Songs of Innocence


Youthhood Editors’ Pick

“Adults are just obsolete children and the hell with them.” – Dr. Seuss

Following Wilfrid Estève’s selection of winning images for our YOUTHHOOD theme, this compilation of 20 images, selected by the Life Framer editors represents some of the other talented photographers whose work struck us and left a mark. Each a stunning image worthy of exposure and attention…

These are intended to be a conversation starter… so feel free to join the discussion on our social networks.

Banner image courtesy of Mitch Cullin.

www.mcullin.com and Instagram: @mitchcullin1

Editor’s comment: “This image shows the determination and the force of a group. I’m drawn to the use of black and white photography because it adds drama and contrast, and creates something a little more timeless too.”

Image courtesy of Landon Yost.

www.landonyost.com and Instagram: @landonyost

Editor’s comment: “There’s so much to read in this image – a story beautifully told. The visual symmetry of the mother with baby and her little son with his is satisfying and his expression cuts through. Bold colors add some pop too. Brilliantly observed.”

Image and text courtesy of Tijana Pakic from her series Digital Natives.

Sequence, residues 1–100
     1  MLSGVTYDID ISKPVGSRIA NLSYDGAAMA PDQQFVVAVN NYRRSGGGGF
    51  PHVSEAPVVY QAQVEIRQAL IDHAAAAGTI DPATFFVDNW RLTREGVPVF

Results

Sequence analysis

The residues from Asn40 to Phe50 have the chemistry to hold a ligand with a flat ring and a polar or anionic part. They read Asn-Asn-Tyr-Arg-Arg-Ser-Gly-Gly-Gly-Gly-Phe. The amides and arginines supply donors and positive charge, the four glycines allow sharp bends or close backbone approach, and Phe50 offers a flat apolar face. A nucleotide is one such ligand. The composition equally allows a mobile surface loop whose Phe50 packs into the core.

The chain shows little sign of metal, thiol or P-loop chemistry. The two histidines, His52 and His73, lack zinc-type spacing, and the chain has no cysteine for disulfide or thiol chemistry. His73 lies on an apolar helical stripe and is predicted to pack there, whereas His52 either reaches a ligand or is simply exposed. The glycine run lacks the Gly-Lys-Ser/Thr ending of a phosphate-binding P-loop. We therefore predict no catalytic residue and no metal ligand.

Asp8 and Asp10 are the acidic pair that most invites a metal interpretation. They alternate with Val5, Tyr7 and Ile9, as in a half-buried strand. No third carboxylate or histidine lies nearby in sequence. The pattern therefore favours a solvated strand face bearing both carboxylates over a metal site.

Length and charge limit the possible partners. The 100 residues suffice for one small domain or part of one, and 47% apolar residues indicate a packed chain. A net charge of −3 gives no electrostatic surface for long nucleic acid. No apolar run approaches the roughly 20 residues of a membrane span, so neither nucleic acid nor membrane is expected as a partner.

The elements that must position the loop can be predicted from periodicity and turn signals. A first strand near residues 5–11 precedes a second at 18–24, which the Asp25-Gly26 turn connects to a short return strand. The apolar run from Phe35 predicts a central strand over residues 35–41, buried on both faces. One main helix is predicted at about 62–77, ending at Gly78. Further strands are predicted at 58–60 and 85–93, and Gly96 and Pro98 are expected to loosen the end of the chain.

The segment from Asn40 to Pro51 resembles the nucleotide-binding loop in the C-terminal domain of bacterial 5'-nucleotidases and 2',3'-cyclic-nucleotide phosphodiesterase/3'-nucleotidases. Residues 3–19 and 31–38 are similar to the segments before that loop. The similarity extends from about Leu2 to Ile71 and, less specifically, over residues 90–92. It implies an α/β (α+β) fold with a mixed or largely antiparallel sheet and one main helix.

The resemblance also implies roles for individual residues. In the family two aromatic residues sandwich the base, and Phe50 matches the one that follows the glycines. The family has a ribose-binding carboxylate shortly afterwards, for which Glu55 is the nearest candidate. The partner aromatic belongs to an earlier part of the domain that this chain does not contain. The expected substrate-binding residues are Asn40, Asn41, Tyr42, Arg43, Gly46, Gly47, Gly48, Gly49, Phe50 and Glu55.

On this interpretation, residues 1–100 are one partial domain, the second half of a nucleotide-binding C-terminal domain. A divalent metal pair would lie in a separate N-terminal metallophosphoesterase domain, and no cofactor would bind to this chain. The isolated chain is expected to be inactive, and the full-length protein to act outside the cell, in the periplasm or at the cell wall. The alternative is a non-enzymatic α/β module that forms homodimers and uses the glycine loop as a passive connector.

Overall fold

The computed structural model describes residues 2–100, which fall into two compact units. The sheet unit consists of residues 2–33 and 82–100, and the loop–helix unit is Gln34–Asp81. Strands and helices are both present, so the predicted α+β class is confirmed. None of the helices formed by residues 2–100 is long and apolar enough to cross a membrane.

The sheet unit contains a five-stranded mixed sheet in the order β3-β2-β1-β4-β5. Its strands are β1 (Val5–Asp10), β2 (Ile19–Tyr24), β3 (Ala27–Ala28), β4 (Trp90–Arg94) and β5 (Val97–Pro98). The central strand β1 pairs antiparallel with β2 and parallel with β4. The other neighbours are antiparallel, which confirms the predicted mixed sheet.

“Technology has made a big change for the new generations. It became a very popular topic for psychologists and sociologists as well. That resulted in the use of labels such as ‘digital native’, ‘the net generation’, ‘Google generation’, ‘The Millennials’. My focus is on children between 7 and 10 years of age, the age when children mostly don’t create their social media profiles yet and they still don’t have their social network identity. I take photographs of them in a very traditional style. There’s nothing spectacular in my visual approach – this manner of studio photography already exists for some 150 years. But what I seem to find interesting is to show the new generation without any elements that could define them as digital natives – smartphones, tablets and computers. The kids I portray are not dressed in today’s fashion style, they look pretty much serious – but not because they are sad but because they are free to act in their natural way and to stay in their natural mood.”

www.tijanapakic.com and Instagram: @tijanapakic

Editor’s comment: “Growing up is wonderful but it’s the hardest thing we do in life. This image catches expression and poetry. I appreciate the color choices, the strong focal point, and the simplicity of the composition.”